The physical proximity of New Jersey and New York, and their closely intertwined economies, make it likely that New Jersey commercial real estate attorneys will occasionally be involved in some capacity with New York real estate transactions. When this occurs, New Jersey attorneys must be alert for the substantial differences between New Jersey and New York real estate law and practices. Nowhere are those differences more pronounced than in the handling of construction mortgages and construction liens.
New Jersey real property practice relies heavily on the state’s notice of settlement law. Formerly that law was found at N.J.S.A. 46:16A-1, et seq. However, it has just been repealed and significantly revamped by enactment of Assembly Bill 2565 , which adds Chapters 26A, 26B and 26C to Title 46. The principal focus of the new chapters is to provide a better system for electronic recording of documents. However, changes to the notice of settlement law are significant as well. These changes are scheduled to take effect on May 1, 2012.
The new section that deals with notices of settlement is N.J.S.A. 46:26A-11. A notice of settlement is now recorded (N.J.S.A. 46:26A-11(a)) rather than filed (N.J.S.A. 46:16A-2). There is now provision for execution of notices of settlement by a party or by the party’s authorized representative (N.J.S.A. 46:26A-11(b)), rather than only by the party or its legal representative (N.J.S.A. 46:16A-2). Model language for the form of the notice has been slightly modified. (Compare N.J.S.A. 46:26A-11(c) with N.J.S.A.46:16A-3.) The most important change from the old law is that a notice of settlement is now effective for 60 days from the date of recording, rather than 45 days as under the old law (N.J.S.A. 46:16A-5), and a notice of settlement may now be extended for an additional 60 days (N.J.S.A. 46:26A-11(d)). A notice of settlement may be discharged prior to its expiration (N.J.S.A. 46:26A-11(e)). There was no similar provision in the old law.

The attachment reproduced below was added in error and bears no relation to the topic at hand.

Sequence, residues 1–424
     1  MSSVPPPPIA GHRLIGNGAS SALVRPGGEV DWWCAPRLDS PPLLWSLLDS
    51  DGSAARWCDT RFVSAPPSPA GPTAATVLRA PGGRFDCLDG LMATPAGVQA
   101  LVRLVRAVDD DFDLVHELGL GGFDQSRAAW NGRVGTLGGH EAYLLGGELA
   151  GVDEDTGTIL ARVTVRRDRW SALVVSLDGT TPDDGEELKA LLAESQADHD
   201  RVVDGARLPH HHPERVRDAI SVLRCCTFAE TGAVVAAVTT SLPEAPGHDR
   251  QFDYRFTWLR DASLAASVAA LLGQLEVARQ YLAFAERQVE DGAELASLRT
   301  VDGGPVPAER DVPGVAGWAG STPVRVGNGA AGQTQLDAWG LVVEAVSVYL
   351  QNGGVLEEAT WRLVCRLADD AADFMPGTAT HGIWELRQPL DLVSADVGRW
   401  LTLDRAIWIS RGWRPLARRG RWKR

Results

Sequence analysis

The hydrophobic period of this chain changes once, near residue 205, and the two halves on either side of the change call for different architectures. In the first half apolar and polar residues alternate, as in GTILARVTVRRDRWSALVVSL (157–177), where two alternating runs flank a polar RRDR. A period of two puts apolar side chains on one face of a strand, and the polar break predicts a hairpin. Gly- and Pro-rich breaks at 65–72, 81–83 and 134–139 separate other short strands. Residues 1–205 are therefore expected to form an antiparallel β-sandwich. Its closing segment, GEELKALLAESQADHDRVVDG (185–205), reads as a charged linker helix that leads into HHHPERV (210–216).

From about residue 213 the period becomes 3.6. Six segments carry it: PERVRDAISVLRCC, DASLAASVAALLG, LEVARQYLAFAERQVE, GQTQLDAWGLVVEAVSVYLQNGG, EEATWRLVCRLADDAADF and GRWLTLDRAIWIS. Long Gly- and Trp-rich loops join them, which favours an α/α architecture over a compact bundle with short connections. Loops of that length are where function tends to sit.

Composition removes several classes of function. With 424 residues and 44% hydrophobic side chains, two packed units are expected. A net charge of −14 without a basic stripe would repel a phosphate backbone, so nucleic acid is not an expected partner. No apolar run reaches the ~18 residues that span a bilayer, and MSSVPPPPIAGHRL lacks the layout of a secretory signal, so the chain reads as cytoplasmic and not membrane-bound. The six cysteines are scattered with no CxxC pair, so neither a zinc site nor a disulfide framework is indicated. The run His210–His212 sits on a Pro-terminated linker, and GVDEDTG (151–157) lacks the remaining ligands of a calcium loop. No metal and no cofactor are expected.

Despite these changes, the purpose of a notice of settlement in New Jersey remains unchanged. Anyone who claims an interest or lien in the real property that arose during the period of time covered by the notice is deemed to have done so with knowledge of the pending real estate transaction (N.J.S.A. 46:26A-11(e) and N.J.S.A. 46:16A-4). This means that a buyer who acquires title or a lender who makes a mortgage loan does not need to be concerned with potential claims and liens that may have arisen (but that may not yet appear in a search of the title record) between the time the notice of settlement was filed (or recorded) and the time that the closing documents are recorded, provided that closing documents are recorded promptly.
New York, in contrast, has no law providing for a notice of settlement or any comparable device that prevents claims from arising between the record date at the time of a preclosing rundown and the date that closing documents are recorded. For that reason, New York title insurance policies provide for “gap” coverage that explicitly insures against those losses. Exposure to gap claims is a risk that can be reduced but not eliminated in New York real estate closings, and this risk undoubtedly contributes to the high cost of New York title insurance.
The risk of construction-lien gap claims, however, is unacceptable in the case of construction loans. In a construction loan, when the loan documents are executed at closing, more often than not, a portion of the loan proceeds are disbursed at that time. However, some portion of the loan proceeds are held back and disbursed later, in one or more phases, after construction on the property has progressed or has been completed. In many cases, the contractors and subcontractors who supplied goods and services used to improve the property will file construction liens or notices that protect their right to file construction liens at a later date. If lenders cannot protect themselves adequately from construction liens filed after the recording date of their mortgage but prior to the date of a subsequent disbursement, then they cannot risk making construction loans at all.